June 3, 1944

Dublin Core


June 3, 1944


A letter from Johnny to Geraldine written June 3, 1944, describing his Atlantic crossing and first impressions of Great Britain.




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June 3, 1944

Dear Jerry,

This reminds me of that song 'When You're a Long, Long Way From Home' or words to that effect. It certainly is true enough in my case.

We had an uneventful crossing but it sure was monotonous after the first couple of days. All we did was eat, sleep and read pocket books. An orchestra composed of G.I.s helped to pass the time a little each evening. Also a religious service was held each afternoon for Catholic and Protestants. I was in charge of obtaining supplies for the men during the voyage (a s/sgt helped me or probably more correct I helped him). Anyway, he took charge of the money while I handled the goods. You'd be surprised at the amount of candy, soap, tobacco and the like that our company alone consumed. In one day alone they bought over seven hundred bars of soap. They should all be able to keep clean over here at any rate.

We passed through some beautiful country during our trip to this camp from the boat. It reminded me very much of the Cherry Valley section of good old New York State.

I've never seen such changeable weather as that which we have to put up with here. As the captain told us when we first arrived, "When you can see the hills, it's going to rain. When you can't see the hills, it's raining." There's more truth than fiction in that statement.

The thing with impressed me most upon my first glimpse of the country was the preponderance of brick construction in the homes, factories and all the other buildings. We've covered a good many miles of the country already and I've only seen about two non-brick structures. The style of the homes is lousy from an architectural point of view. I don't know how architects over here even sell their plans. Maybe I'm just prejudiced. You can't imagine how much better the U.S. and Canada are, as compared to this place. It's too bad that the entire population of both countries couldn't visit for a couple of weeks. Believe me, they would really appreciate North America afterwards.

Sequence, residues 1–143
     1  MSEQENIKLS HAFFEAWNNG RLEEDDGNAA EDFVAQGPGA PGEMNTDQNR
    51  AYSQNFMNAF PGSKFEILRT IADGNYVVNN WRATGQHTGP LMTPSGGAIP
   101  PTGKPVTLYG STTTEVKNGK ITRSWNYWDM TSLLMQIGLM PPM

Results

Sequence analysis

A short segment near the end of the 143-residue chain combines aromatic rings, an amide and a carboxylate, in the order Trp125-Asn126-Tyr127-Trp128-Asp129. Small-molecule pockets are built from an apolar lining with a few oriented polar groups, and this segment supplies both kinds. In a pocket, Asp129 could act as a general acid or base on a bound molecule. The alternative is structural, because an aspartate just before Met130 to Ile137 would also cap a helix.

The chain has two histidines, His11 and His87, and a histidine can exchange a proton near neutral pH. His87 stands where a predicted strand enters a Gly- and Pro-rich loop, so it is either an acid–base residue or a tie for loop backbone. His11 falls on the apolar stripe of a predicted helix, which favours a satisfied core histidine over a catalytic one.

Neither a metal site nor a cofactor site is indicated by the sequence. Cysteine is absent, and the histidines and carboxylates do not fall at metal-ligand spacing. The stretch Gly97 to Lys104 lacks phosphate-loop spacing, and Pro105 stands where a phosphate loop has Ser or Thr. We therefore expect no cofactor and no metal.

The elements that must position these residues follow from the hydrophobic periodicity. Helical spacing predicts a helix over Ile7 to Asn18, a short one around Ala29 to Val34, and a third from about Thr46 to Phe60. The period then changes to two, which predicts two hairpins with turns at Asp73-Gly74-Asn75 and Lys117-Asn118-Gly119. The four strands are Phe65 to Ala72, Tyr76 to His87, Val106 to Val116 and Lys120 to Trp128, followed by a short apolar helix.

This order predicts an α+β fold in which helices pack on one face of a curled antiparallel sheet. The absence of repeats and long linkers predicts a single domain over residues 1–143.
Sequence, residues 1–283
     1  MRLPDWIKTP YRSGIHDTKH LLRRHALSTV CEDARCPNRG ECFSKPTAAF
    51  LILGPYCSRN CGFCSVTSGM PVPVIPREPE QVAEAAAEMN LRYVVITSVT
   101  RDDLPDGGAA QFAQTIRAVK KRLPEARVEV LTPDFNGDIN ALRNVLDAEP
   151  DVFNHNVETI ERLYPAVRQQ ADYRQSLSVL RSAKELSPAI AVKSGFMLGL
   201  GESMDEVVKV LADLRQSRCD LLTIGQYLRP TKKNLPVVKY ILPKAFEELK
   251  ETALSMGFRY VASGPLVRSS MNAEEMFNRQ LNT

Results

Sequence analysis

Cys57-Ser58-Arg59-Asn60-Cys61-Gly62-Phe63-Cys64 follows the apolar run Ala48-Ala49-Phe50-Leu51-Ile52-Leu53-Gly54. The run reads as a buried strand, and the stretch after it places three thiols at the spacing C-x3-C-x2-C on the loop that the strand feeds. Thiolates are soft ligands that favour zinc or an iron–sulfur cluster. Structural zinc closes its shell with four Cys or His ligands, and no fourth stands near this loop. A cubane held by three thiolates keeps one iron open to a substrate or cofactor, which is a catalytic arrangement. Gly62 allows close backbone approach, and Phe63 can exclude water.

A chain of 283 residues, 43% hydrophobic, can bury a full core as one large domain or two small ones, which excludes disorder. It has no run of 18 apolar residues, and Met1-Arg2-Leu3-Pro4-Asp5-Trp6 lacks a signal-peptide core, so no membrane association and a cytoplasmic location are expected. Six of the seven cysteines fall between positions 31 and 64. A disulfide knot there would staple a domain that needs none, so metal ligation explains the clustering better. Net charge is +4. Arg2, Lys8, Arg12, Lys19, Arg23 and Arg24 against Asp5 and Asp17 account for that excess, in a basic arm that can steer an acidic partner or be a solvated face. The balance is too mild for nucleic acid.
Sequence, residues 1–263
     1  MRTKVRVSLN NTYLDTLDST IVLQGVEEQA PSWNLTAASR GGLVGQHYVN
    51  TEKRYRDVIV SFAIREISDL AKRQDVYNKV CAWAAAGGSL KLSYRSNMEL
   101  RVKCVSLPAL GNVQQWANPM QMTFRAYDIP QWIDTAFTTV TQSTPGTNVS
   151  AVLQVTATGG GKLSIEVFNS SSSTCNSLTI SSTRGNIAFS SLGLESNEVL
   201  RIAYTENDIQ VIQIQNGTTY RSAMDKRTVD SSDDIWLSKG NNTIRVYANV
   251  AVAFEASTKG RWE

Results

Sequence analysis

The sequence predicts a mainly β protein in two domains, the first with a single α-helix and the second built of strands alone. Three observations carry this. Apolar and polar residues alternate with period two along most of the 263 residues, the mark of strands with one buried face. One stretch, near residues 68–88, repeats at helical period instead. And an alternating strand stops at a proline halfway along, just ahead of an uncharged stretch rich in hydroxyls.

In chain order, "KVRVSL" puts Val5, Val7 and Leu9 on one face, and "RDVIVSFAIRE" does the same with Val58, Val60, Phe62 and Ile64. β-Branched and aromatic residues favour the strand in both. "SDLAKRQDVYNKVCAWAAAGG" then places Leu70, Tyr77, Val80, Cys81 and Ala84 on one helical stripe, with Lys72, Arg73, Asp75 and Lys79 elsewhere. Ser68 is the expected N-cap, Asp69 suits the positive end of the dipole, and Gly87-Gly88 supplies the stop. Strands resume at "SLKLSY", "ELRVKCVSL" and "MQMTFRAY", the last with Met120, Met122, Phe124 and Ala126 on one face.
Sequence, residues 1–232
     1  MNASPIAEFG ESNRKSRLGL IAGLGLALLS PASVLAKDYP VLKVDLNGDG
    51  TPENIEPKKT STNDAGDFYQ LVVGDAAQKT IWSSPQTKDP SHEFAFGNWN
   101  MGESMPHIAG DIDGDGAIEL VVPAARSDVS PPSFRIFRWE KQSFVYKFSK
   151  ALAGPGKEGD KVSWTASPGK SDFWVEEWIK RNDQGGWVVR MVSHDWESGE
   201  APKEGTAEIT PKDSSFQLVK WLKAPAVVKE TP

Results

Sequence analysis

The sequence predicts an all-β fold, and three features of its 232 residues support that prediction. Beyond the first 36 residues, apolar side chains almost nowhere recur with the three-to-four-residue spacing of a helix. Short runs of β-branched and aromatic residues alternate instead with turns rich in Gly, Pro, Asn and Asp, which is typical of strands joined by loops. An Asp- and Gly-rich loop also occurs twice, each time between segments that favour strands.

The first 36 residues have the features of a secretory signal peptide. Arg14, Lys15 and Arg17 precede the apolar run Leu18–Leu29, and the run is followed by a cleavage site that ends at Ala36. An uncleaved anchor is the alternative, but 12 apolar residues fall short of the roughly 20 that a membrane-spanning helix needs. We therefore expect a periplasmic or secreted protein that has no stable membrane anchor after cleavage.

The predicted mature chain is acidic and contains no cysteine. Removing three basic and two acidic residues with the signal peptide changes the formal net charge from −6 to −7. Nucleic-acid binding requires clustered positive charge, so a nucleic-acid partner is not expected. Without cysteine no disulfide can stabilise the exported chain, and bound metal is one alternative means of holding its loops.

As far as girls are concerned, they don't curve in the right places. There is another matter in connection with girls which we aren't allowed to mention, but I never heard of anything like it before.

This past week we've been sleeping in our pup tents with one blanket and raincoat under us and two on top. It's not too bad except for the bugs. They are very aggravating sometimes.

They're setting up six man tents for us now so we'll have it a bit easier soon. There will be canvas topped cots to sleep on so it will be like living in the lap of luxury.

We have a good setup here. We work nights, having the days free until 3 P.M. A pass can be obtained every other day. So far I haven't been to town, but I hope to make it to church on Sunday.

I forgot to mention a very strange thing in regard to daylight over here. It stays light until after 11P.M. There are no more than three or four hours of darkness. Later in June they say there will be only two hours darkness. So when I say we work nights, it isn't actually true.

I'm doing an entirely different job here to the one for which I was trained. It's a case of doing the most essential job. If it hastens the end of the war we don't mind. If I get married and have children I hope they're all girls as it's darn hard on parents to raise children and then have to send them off to the army. The trouble is that at the rate things are going now they'll be drafting women in the next war so a guy just can't win. We've got a job to do anyway, and we're going to do it.

Don't mind me if I've griped throughout this letter. A guy gets that way every once in a while in the army. It reminds me of a letter I received from a friend of mine. She had been married just about a year when her husband was drafted. In the letter I mention she had just said goodbye to her husband as he was leaving for overseas. She sure sounded in the dumps. About a week later she wrote again & apologized for being so gloomy. That's how it is up and down.

Well, I have to get ready for work again so I'll have to sign off now. I hope you and yours all well. Hoping I'm back on your side again soon, I remain,

As ever,


P.S. If you see Susy give her a pat for me. My Unc tells me she's a bit down in the dumps now Ruth is gone.


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